Fighting back against the NSA with HTTP

You’ve probably heard the news about PRISM, the NSA’s system for spying on basically everyone in the world. Want to flip them the birdy digitally while they watch your web traffic go along?

If you’re using Firefox, download the “Modify Headers” extension. I have version 0.7.1.1. Then in the preferences, click “Headers”,  and select “Add” from the dropdown. I used “FUCK_THE_NSA” as the name, and “This copyright entitles me to receive a copy of all requests stored on demand. If you choose not to accept this license, your only recourse is to delete all stored requests with this signature” as the description. Click save, and click “enable”. Make sure the light is green.

Once you’ve enabled this plugin, here’s what the webserver will see when you connect to it, and subsequently what the NSA will see while sifting through your data:

GET / HTTP/1.1
Host: localhost:4567
User-Agent: lolz
Accept: text/html,application/xhtml+xml,application/xml;q=0.9,*/*;q=0.8
Accept-Language: en-US,en;q=0.5
Accept-Encoding: gzip, deflate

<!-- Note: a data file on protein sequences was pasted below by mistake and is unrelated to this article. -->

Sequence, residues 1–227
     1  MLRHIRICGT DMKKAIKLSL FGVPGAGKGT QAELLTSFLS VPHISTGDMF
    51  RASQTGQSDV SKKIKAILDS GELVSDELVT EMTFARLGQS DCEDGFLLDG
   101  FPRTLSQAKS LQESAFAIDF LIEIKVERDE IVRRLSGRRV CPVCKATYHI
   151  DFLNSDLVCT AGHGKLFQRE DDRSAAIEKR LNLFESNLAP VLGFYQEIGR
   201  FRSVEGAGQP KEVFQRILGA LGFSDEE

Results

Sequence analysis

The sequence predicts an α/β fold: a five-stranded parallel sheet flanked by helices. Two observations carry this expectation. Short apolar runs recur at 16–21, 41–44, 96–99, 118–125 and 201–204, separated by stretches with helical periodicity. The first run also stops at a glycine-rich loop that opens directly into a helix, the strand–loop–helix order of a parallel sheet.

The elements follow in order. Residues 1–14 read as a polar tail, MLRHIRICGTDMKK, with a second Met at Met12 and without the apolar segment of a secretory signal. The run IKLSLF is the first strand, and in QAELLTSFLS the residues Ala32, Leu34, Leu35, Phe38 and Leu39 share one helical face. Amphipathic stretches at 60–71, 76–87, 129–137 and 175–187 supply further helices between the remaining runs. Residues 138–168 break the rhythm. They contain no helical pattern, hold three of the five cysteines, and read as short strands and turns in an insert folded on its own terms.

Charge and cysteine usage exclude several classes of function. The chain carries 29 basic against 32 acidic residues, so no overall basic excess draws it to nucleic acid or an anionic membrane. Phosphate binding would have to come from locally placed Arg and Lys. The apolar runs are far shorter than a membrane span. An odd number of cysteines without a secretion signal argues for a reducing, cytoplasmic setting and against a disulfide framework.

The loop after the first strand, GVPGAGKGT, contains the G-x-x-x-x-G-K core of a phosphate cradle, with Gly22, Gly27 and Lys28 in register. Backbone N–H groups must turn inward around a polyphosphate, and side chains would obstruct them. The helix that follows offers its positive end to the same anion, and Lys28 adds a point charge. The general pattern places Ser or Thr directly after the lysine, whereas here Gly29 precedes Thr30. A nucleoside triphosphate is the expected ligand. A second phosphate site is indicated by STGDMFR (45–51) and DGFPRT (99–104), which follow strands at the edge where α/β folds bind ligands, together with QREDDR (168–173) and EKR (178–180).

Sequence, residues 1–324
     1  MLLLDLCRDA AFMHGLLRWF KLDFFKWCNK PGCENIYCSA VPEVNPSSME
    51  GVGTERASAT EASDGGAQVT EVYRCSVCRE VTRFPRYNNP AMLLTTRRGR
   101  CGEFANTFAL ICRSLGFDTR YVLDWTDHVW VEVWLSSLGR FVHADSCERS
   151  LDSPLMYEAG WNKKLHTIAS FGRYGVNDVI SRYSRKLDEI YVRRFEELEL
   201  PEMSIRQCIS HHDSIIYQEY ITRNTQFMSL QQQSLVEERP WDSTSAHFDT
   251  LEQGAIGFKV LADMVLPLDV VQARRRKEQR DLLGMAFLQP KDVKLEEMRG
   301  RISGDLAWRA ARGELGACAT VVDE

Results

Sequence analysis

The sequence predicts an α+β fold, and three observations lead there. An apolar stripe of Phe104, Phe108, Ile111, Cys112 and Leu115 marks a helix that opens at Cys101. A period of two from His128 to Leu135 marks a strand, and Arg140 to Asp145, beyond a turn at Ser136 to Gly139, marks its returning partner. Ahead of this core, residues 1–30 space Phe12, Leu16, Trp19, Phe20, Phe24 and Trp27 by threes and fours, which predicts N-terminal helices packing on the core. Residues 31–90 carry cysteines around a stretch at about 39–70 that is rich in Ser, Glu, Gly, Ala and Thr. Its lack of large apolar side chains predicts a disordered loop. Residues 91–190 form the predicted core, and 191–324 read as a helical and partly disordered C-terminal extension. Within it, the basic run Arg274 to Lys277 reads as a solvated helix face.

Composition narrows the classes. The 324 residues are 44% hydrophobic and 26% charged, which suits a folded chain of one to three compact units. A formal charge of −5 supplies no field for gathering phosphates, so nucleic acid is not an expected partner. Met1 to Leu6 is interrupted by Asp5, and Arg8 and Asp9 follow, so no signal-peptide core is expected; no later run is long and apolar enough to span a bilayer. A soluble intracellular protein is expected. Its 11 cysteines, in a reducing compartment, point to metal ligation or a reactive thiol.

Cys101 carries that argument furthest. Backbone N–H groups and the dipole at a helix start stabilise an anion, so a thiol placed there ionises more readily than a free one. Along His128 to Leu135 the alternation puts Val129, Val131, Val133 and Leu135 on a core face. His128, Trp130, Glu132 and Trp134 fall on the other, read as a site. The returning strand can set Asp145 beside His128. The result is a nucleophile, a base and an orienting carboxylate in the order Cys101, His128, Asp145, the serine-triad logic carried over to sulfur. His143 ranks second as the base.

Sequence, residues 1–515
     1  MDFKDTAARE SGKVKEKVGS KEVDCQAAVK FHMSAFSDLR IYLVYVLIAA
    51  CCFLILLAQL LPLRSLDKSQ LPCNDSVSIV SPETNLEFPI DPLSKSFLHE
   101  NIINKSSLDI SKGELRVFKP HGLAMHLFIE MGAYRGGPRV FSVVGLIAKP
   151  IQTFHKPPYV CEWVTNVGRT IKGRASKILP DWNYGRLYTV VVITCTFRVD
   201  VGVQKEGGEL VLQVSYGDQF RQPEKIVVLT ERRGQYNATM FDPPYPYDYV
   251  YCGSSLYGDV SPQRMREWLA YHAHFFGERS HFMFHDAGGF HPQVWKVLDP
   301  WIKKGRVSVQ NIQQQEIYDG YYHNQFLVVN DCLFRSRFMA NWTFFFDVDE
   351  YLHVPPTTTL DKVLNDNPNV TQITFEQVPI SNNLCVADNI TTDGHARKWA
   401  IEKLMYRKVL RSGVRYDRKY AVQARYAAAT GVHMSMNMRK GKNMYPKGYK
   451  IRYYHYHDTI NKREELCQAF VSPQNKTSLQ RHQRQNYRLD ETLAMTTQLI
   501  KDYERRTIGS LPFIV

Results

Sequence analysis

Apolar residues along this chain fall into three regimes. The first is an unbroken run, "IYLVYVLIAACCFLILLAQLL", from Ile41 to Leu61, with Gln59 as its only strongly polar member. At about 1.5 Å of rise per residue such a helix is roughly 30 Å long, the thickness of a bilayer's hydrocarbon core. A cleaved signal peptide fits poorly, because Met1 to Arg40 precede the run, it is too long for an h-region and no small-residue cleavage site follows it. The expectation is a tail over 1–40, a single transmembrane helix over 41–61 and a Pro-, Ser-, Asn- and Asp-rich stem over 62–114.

FUCK_THE_NSA: This copyright entitles me to receive a copy of all requests stored on demand. If you choose not to accept this license, your only recourse is to delete all stored requests with this signature
Connection: keep-alive

I’ll be very interested to see if there is a way to word this such that it’s actually admissible in court.

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5 Responses to Fighting back against the NSA with HTTP

  1. I’m not a lawyer, but surely if you’re injecting a legal notice into a protocol that’s intended to be invisible to humans, it’s not binding? It’d be interesting to see the case history for acceptance of terms by acquiescence, too (“by reading this page you accept our terms and conditions” etc). I think you’d actually have to get the NSA to take an affirmative action after being exposed to a notice that a reasonable person would assume would be read by a human. Again, I’m not a lawyer, but if this kind of header was possible, all *kinds* of crazy stuff would be possible. Maybe not as crazy as a massive, unconstitutional spying operation, but still …

  2. konklone says:

    Not invisible to people reading whose job is to process it explicitly. 🙂

  3. Who cavils knows nothing says:

    “I’ll be very interested to see if there is a way to word this such that it’s actually admissible in court.”

    Sure. Because it’s possible to have a binding contract between parties not all of whom even know it exists, much less have agreed to it, and that’s why you’re going to bring the NSA to its knees with an HTTP header.

  4. Who cavils knows nothing says:

    Also, the convention for HTTP header field naming is title case separated with hyphens, not all-caps and underscores, so it should really be “Fuck-The-NSA: […]”

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